Marshall McLuhan once wrote, “The business of the writer or filmmaker is to transfer the reader or viewer from one world, his own, to another, the world created by typography and film.” Cinema is a language in itself, and it can be every bit as powerful as the written word. In an industry dominated by young individuals with the most access to big-name production companies, these five female filmmakers have opened our eyes to other worlds while reminding us that true artistry has no age limit.
Julie Taymor (63) may be best known for her work as director of Broadway’s “The Lion King,” but this first female to receive a Tony Award for directing a musical has also made a name for herself in the film industry. Taymor’s first film, Titus, was released in 1999, when Taymor was 46; Frida followed in 2002, and Across the Universe in 2007. Taymor was widely praised for her direction of Salma Hayek and Alfred Molina in Frida, which tells the true story of Mexican surrealist painter Frida Kahlo. Frida earned six Academy Award nominations, and won two, make-up and original score. In his New York Times review, A. O. Scott wrote that the film’s, “bursts of color, imagination, music, sex and over-the-top theatricality [honored] the artist’s brave, anarchic spirit.” Taymor’s Across the Universe, a 1960s love story set to the soundtrack of the Beatles, received a Golden Globe nomination for Best Musical/Comedy, and won an Academy Award for Costume Design. Taymor has also successfully bridged the gap between cinema and stage in her 2010 adaptation and direction of Shakespeare’s The Tempest.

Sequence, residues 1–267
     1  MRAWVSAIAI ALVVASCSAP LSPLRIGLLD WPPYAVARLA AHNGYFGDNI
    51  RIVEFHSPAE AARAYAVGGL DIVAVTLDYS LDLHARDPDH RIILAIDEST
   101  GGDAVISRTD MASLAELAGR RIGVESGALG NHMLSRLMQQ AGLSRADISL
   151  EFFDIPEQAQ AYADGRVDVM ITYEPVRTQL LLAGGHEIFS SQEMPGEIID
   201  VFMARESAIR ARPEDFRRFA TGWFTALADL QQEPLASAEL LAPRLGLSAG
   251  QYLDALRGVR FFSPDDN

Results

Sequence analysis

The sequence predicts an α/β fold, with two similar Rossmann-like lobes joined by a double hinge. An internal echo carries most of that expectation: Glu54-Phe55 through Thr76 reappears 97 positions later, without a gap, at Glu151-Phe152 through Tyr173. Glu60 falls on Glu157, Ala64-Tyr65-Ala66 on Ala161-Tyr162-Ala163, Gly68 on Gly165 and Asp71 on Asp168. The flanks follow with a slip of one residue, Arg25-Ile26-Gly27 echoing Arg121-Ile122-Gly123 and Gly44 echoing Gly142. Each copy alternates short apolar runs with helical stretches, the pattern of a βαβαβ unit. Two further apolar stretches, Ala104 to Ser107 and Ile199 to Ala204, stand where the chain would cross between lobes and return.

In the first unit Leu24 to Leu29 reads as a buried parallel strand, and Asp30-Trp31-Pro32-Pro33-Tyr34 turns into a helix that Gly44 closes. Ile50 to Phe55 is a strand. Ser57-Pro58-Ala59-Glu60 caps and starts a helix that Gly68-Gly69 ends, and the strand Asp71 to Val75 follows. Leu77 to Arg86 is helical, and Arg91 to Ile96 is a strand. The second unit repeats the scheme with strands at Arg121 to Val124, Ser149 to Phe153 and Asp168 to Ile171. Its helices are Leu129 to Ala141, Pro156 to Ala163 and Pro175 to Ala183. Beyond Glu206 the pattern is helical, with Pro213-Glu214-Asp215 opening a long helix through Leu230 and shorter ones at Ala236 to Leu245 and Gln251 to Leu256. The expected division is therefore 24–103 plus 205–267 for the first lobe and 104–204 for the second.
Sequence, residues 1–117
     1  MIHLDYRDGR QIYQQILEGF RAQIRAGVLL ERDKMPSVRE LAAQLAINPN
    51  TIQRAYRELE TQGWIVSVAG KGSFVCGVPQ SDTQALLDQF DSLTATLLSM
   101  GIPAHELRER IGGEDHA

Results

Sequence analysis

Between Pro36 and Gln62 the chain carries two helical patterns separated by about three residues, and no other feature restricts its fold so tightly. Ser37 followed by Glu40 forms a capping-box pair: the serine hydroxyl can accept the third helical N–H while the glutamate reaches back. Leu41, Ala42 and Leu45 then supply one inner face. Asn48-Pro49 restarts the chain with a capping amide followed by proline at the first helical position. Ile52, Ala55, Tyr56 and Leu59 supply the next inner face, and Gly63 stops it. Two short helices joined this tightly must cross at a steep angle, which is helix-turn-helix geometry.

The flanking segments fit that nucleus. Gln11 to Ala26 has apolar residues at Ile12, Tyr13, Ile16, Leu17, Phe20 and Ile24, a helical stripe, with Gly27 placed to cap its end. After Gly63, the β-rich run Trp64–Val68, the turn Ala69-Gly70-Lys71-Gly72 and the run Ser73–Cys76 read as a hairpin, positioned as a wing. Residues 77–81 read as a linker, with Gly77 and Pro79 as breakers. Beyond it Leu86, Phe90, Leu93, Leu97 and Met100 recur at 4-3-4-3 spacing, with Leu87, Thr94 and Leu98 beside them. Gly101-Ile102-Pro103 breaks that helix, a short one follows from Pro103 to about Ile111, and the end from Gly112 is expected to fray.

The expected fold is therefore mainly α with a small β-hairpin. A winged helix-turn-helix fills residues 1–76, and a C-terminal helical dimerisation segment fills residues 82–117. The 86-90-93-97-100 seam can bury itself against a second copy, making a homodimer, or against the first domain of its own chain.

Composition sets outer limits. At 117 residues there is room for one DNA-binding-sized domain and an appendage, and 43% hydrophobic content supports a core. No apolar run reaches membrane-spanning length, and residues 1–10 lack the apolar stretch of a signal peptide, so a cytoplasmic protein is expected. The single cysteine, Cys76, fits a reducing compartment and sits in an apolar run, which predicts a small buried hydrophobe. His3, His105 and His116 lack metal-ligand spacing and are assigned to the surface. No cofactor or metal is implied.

Independent film director Debra Granik (53) released her first feature-length film, Down to the Bone, in 2004, at age 41. Down to the Bone centers on an upstate New York mother who inadvertently falls in love with a nurse at her drug rehab facility. Granik also wrote the original screenplay, with creative partner Anne Rosellini. The director’s second feature, Winter’s Bone (2010), tells the story of Ree Dolly—played by Jennifer Lawrence—a teenager and the caretaker of her two younger siblings and catatonic mother. The film depicts Dolly’s search for her estranged drug-dealing father, who is the family’s only hope of avoiding eviction. Granik and Rosellini again wrote the film’s screenplay, adapting it from a novel by the same name. Philip Wilding called Granik’s film, “A vivid reworking of Daniel Woodrell’s novel that brings the book’s conflicted heroine to searing life in a piece of unhurried filmmaking too rarely seen these days.” Winter’s Bone won the Grand Jury Prize: Dramatic Film at the 2010 Sundance Film Festival, and received four nominations at the 2011 Academy Awards: Best Picture, Best Adapted Screenplay, Best Actress, and Best Supporting Actor.